Hardy, B., and J.P. Ziliak. (2014). “Decomposing Trends in Income Volatility: The ‘Wild Ride’ at the Top and Bottom.” Economic Inquiry 52(1): 459-476.
Bradley Hardy is a professor of public administration and policy at American University. For more information, Dr. Hardy can be contacted at email@example.com.
Years ago, the Council on Contemporary Families (CCF) gave the United States a “Gentleman’s C” in terms of family policy, and not much has changed since then. CCF scholars have used the international variation in work-family policy to look at how families are doing – inside and outside of the United States. For International Women’s Day, here is a review of CCF research using international populations and the international media that reported on the research.
UC-Santa Barbara sociologist Sarah Thébaud’s investigation into “What Helps Women Entrepreneurs Flourish?” found that women in countries with more generous work-family policies like subsidized childcare and paid parental leave have more successful entrepreneurial endeavors: they “employ more workers, express more ambitious growth intentions, and are more likely to report introducing a brand new product or service to the market” than in countries without such benefits. There are higher numbers of women entrepreneurs in countries without progressive work-family policies, like the United States, but they don’t really succeed like those in the more generous countries. Their lack of success led Thébaud to conclude that these were cases of entrepreneurship as a “fallback” option in situations where balancing work and family was not possible otherwise.
Supportive work-family policies help men and women split up housework and childcare:
Economist Ankita Patnaik reports in “’Daddy’s Home!’ Increasing Men’s Use of Paternity Leave,” that in Quebec, after the implementation of a new non-transferrable, paid five-week paternity leave policy that paid parents seventy percent of their income (Quebec Parental Insurance Plan), fathers were more likely to take advantage of paternity leave than were fathers in Quebec before the policy implementation in 2006 or in provinces without the new policy. Eighty percent of fathers eligible for the Quebec Parental Insurance Plan utilized it, compared to less than twenty percent of those taking advantage of the previous policy, which paid fifty-five percent of income and was transferrable from fathers to mothers. After participants’ paid paternity leave had finished, participating fathers and mothers had a more egalitarian division of household and market labor than couples in which the father did not take the paid paternity leave. This research was profiled to Canadian readers in the National Post, and to Sri Lankan readers in Viva Lanka.
Patnaik’s encouraging finding is important, because in the United States – where paid paternity leave is not guaranteed—parents tend to revert to “traditional” family roles after the birth of a child. Arielle Kuperberg’s research, outlined in the CCF brief “First comes love, then comes…housework?” was profiled in the Australian edition of the International Business Times. Kuperberg, a sociologist at UNC-Greensboro, reported that it was not the transition to marriage, but the transition to parenting that increased gender inequality in household labor among couples.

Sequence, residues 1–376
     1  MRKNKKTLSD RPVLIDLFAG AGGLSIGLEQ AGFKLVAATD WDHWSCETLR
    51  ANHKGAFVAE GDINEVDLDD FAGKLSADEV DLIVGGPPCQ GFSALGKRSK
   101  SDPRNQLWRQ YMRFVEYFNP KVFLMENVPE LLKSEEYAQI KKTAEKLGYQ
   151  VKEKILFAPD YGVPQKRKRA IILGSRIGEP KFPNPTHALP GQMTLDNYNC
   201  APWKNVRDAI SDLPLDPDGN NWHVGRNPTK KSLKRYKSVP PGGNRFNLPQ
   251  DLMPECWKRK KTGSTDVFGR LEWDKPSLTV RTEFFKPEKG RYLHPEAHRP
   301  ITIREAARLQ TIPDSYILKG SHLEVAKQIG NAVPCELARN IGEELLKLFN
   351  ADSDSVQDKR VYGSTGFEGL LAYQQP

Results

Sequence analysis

Balancing market and non-market work leads to happier couples and families:
More broadly, variation in work-family policy accounts for the “happiness gap” between parents and non-parents. Jennifer Glass (UT-Austin), Robin Simon (Wake Forest University), and Matthew Andersson (Baylor University), in “Parenting Happiness in 22 Countries,” review that in the United States, where work-family policies are lacking, the happiness gap is wide – parents tend not to be as happy as non-parents. But in countries with “good parental policy ‘packages,’” made up of paid parental leave, guaranteed time off, affordable childcare, and “work schedule flexibility,” the differences are less stark. In Norway and Hungary, where there are generous parental policy packages, parents are even happier than non-parents. In addition to many English language articles around the world, this report was covered in a Spanish-language article entitled ““La paternidad y la infelicidad” at Proexpanción, and in “Un buon welfare può rendere felici i genitori,” in the Italian news outlet Internazionale.
Braxton Jones is a graduate student in sociology at the University of New Hampshire, and serves as a CCF Graduate Research and Public Affairs Scholar.
If you are interested in families, the most recent presidential election brings a trail of troubles. A lot of Americans fear what is in store in the near future and are anxious about the clear division in popular attitudes that now exists in what is supposed to be the United States. Family policy will be deeply impacted as a result of this division. For direction, Kate Gallagher Robbins and Shawn Fremstad offer a light in the darkness in a recent brief—using evidence to clarify uncertainty. Robbins is the Director of Family Policy for the Poverty to Prosperity Program at American Progress, and Fremstadis a senior research associate at the Center for Economic Policy Research, a Senior Fellow at the Center for American Progress, and a consultant on policy issues to multiple national nonprofits. They are also CCF Senior Scholars. If you want to hear more, also read this short interview with them on “Now What?”